I agree with William Cotton’s essay in The Des Moines Register that we must make changes to eliminate systemic racism. (See link below to his essay in the Register.) Here are two specific actions we should take: 1. Eliminate stops by police of vehicles with equipment violations such as broken lights. If appropriate, tickets can be issued by mail against the owner of the vehicle based on videos or photos. This will help eliminate pre-textual stops. 2. Repeal or stop enforcement of laws against the possession of marijuana. It has been clearly established that marijuana possession laws are enforced unequally between black and white people. We have made great progress over time in reducing government-supported racism in our country, but we must continue to eliminate it everywhere we find it.
It may be good for the City of Des Moines to have a policy that, “…requires all city employees to perform their duties without regard to race, ethnicity, gender or other characteristics…”, but that does not replace the need for a anti-racial-profiling policy specifically for the Des Moines Police Department.
For better or for worse, conscious and unconscious bias exist in most human beings. It is in our nature to look for norms, patterns, averages, etc., and to apply what we think we know to our everyday situations. But police officers are rightfully placed in a very special position: we allow them the legal use of force. So, police officers especially need to make sure they treat each person as an individual, presumed innocent, following due process procedures.
In this case, the City of Des Moines should give the Des Moines Police Department clear policy regarding what police officers can and cannot do as it relates of acting on their “feelings” or “hunches” in any given situation. Profiling or pretextual stops based on race should be prohibited. Suggestions by Iowa CCI, the ACLU of Iowa, and the NAACP should be given serious consideration as part of developing the policy.
Link to related articles in The Des Moines Register:
The Des Moines Register recently ran an editorial about how the Iowa State Patrol appears to be targeting out-of-state cars travelling through Iowa to try to find assets to seize using our current civil asset forfeiture laws. (See link below.)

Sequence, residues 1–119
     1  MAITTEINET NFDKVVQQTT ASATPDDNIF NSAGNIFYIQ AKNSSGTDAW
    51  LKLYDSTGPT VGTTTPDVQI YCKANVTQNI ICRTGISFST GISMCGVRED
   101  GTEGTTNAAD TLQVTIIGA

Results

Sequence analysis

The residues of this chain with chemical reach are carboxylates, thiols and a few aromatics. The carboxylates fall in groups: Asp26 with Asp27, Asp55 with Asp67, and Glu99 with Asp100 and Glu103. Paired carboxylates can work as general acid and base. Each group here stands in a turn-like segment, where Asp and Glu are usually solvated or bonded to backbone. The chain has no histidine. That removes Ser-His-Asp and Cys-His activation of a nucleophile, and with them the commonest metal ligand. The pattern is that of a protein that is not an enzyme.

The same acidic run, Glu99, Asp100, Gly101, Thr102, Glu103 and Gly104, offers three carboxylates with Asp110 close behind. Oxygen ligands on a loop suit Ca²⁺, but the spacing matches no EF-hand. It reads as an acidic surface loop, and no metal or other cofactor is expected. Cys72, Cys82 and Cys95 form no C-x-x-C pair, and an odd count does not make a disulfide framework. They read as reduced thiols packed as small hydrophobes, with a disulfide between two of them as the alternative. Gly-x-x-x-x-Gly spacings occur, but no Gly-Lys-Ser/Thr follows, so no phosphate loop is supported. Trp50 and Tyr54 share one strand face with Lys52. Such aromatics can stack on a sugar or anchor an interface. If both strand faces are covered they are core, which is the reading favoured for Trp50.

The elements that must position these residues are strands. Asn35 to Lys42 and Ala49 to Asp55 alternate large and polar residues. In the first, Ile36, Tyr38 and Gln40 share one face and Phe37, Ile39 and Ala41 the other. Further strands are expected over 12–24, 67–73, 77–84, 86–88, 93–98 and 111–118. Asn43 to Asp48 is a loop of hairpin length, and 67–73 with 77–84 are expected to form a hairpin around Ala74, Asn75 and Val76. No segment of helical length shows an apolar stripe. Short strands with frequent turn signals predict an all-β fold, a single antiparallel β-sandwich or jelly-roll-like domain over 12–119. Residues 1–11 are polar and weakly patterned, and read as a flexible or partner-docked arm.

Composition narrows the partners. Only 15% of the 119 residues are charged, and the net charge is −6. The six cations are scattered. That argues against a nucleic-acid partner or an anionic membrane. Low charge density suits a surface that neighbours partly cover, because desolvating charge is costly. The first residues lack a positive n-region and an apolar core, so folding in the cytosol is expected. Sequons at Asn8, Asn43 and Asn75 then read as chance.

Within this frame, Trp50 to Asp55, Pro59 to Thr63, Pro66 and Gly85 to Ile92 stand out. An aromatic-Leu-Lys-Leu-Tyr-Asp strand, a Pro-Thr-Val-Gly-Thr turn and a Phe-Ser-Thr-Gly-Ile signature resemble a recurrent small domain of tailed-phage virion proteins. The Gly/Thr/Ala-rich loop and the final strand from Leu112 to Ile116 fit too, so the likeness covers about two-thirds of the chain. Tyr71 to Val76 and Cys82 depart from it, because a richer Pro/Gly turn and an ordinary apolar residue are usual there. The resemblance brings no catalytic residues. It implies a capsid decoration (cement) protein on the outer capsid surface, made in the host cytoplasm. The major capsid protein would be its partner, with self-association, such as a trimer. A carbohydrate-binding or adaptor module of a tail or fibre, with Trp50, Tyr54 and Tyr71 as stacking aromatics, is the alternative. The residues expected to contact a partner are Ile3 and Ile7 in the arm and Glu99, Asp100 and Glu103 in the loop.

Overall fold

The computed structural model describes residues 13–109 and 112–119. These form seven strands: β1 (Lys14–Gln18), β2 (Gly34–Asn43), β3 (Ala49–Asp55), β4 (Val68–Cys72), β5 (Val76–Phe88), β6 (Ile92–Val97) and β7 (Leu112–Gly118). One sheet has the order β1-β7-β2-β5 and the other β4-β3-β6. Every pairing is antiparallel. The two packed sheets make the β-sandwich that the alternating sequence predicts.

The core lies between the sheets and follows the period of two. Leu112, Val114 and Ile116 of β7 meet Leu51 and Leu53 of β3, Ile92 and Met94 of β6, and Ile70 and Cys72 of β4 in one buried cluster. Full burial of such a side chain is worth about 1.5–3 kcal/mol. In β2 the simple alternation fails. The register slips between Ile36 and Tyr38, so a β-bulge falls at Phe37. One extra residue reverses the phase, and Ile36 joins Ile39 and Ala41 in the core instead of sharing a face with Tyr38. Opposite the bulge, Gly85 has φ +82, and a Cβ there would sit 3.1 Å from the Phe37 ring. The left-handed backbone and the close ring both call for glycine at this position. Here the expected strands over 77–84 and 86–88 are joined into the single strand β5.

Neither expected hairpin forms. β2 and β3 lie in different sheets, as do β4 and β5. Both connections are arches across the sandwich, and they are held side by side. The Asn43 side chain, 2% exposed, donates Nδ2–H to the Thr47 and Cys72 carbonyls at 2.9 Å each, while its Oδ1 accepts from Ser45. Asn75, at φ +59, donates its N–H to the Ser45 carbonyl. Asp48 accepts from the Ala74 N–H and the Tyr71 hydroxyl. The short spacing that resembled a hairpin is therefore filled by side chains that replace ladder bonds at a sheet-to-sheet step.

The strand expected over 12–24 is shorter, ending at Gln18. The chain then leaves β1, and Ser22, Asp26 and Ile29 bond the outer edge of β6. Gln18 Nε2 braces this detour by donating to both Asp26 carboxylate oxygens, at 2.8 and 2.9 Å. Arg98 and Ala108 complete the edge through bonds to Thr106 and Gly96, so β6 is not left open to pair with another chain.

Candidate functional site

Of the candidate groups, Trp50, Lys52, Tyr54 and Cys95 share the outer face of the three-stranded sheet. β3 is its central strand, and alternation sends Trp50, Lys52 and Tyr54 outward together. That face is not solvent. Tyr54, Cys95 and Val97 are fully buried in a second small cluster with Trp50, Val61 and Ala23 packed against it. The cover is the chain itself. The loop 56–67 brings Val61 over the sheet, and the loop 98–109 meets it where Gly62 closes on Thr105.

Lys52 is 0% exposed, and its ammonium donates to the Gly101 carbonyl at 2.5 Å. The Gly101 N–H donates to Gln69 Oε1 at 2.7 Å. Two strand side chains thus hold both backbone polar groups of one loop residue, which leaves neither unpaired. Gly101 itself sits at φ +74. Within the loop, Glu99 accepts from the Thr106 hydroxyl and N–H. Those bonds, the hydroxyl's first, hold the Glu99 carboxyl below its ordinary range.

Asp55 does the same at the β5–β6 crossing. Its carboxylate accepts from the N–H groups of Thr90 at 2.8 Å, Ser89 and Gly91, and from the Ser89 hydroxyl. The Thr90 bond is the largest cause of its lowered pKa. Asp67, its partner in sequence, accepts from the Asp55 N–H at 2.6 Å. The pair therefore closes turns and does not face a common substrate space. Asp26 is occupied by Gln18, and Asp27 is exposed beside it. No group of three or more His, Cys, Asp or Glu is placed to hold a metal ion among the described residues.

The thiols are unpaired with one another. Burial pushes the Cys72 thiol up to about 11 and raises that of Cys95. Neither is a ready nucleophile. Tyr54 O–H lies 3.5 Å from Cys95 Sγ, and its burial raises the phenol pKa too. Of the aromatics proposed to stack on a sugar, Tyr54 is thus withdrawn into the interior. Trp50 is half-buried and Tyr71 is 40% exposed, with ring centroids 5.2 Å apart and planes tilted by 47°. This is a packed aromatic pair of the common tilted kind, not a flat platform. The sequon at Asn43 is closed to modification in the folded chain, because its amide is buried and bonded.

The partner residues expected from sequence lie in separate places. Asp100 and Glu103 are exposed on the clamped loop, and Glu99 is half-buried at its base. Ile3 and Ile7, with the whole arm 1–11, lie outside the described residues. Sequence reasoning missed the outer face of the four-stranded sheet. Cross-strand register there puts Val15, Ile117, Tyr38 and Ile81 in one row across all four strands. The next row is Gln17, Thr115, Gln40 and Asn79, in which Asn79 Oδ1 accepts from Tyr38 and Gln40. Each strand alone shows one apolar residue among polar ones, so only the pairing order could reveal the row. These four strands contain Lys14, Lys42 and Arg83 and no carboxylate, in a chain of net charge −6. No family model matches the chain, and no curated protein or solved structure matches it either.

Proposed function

One obvious possible reason why out-of-state cars might be targeted is that it would help keep seized property flowing to law enforcement agencies, while keeping political heat off of this problem. Out-of-state drivers don’t vote in Iowa, and they don’t have an elected Iowa representative to call to complain.
It is clearly unjust that we allow our government to take property from people who are not charged with a crime, and then put the burden of proof on them to prove their innocence in order to get their property back. It is hard to believe that this does not violate both our Iowa and U.S. Constitutional right to due process. Also, in many cases, law enforcement agencies get to keep the property that they confiscate! This clear conflict of interest should not be tolerated.
Last year in the Iowa Legislature, a bill was introduced in the Iowa Senate that would have put a stop to this injustice, but it never got out of committee. The Senate Judiciary Committee chair, Steven Sodders of State Center, never acted on the bill, so it died in committee. He is a deputy sheriff in Marshall County. If you would like to see end to civil asset forfeiture in Iowa, contact Senator Sodders and let him know we need and expect his help this year.
Today, the Des Moines Register reported on the decision by the grand jury in Polk County to not indict the Des Moines police officer who shot an unarmed man. (8/27/2015 – “No charges against D.M. officer” – see link below) You reported that the prosecutor, Polk County Attorney John Sarcone, said, “This was the eighth fatal police shooting reviewed by a Polk County grand jury since 2007, all of which ended with jurors choosing not to indict.”
Since the grand jury process is highly secret, we don’t know what facts or arguments were presented to the grand jury. With what we do know, it is hard to imagine that there should be no charges whatsoever brought against the officer.
The prosecutor and the police depend on having a trusting and friendly relationship. Because of this relationship, the prosecutor clearly has conflict of interest . The prosecutor could quite easily have a significant bias towards not indicting police officers. Actually, that is why we have the grand jury system – to have the decision whether or not to indict be made by unbiased citizens. But the system is flawed. The entire process is secret, and is led by the prosecutor. It is not difficult to imagine that the prosecutor could exert significant influence on the grand jury to not indict, and then be off the hook politically because he did not make the decision. Did that happen in this case? We will never know because of the secrecy of the process.
We should either make the process public and transparent, or get rid of the grand jury system for police shootings.